Sunday, July 18, 2010

anti-Semitism and Who is a Jew? are un-American

The events of the 20th century should put to rest that it's a good idea to take one ethnic group and select it for, or exclude it from, political power.

Eugenics, Lebensraum, the Holocaust, the two world wars of nations, the endless tribal wars of Africa all point to the superiority of having a country that makes no distinctions by race, creed or color...but it only works if the constituents of such a country agree to relate to each other on that basis.

Israel came late to the game of nations, but defined itself as Jewish, another in the long, long line of "we, and not they". Yet, inclusion and exclusion cannot be separated. Hitler choose to exclude, Israel chose to include. Neither of these has a place in the United States, that, through it's own sorry history of racism, appears to have settled the situation in favor of all-in-one with equal rights depending only on citizenship and not any sub-group identification.

This is part of the daylight that needs to exist between the U.S. and Israel. To say that America approves of a system that requires the state to decide who is a Jew is to deny the foundation of individual freedom in the lack of discrimination that we have worked so long to achieve.

Israel is a relatively fresh example of an anachronism. It is an understandable attempt by a minority to establish itself on the model of so many other nations, even as Europeans, who wrote the book on nationalism, are working for unification in various ways after having visited the abyss.

What irony to see blood and soil in Germany return as religion and soil in Israel, made up of a group that suffered enormously from the concept, now dishing out suffering to another group. But what are anti-Semitism and "Who is a Jew" if not two sides of the same coin?

The United States offers Jews, Italians, Amish, Bulgarians, Turks and everyone else who are citizens the freedom to live and worship as they wish, to speak as they wish, to dress as they wish. It allows all to build places of worship. What it doesn't offer is ancient holy sites over which to dispute ownership and holy land over which to argue priority.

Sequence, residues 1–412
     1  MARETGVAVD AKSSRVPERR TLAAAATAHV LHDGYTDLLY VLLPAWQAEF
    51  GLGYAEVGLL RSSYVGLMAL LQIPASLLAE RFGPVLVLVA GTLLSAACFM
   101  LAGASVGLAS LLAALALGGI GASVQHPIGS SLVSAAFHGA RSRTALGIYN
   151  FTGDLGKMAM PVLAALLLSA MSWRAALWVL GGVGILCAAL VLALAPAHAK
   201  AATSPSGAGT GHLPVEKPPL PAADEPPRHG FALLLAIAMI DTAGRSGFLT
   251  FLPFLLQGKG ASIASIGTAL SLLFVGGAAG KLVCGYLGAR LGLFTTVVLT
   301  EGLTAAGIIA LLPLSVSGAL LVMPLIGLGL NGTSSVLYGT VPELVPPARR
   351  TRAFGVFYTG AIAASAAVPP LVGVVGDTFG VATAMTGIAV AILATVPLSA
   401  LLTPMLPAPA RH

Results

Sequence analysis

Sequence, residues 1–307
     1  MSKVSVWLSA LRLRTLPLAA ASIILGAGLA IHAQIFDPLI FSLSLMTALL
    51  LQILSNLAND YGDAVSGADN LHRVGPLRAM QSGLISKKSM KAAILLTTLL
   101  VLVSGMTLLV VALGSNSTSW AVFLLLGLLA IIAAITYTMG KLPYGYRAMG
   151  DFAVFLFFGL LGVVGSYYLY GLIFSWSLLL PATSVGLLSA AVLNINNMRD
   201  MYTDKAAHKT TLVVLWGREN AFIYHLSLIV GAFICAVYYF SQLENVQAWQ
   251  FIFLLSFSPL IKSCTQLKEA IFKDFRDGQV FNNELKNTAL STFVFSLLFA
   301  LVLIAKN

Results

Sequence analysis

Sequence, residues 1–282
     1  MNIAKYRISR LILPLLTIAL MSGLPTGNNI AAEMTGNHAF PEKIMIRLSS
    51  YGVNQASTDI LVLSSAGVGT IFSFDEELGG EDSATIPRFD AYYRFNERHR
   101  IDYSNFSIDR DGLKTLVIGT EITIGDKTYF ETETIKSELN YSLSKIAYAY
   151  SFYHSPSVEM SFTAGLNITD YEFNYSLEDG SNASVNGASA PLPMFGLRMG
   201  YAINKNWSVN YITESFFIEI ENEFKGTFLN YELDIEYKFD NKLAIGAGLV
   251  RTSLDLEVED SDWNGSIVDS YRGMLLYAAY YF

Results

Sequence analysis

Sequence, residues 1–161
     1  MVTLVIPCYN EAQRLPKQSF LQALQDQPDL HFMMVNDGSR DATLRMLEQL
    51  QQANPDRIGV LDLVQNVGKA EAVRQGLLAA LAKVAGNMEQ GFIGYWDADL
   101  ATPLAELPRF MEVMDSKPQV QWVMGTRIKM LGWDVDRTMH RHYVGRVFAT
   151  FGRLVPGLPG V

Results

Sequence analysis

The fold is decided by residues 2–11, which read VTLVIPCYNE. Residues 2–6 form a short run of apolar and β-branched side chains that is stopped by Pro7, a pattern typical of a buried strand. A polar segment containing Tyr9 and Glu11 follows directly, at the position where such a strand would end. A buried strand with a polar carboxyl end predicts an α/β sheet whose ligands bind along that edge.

Israel, though it dates as a state from 1948, is only the latest incarnation of political power in an area that has seen bloodshed for centuries past as the same sites repeatedly changed hands. It's the latest political grouping of people by religion rather than, as in the United States, by the idea of the human individual as a creature inherently worthy of dignity independent of such grouping. In this sense, the U.S. is based on a very recent concept while Israel is based on an ancient one. The founders of the United States sought to eliminate the kind exclusivity upon which Israel is based. The question of who is a Jew is only a new version of the conflict over identity which the U.S. rejects and we should have nothing to do with the idea that a religious body should sit in judgment of who may be a citizen of any country.

History tells us how this ancient idea has worked.

Because of the above, it is a non-sequitur to say there is no daylight between Israel and America.

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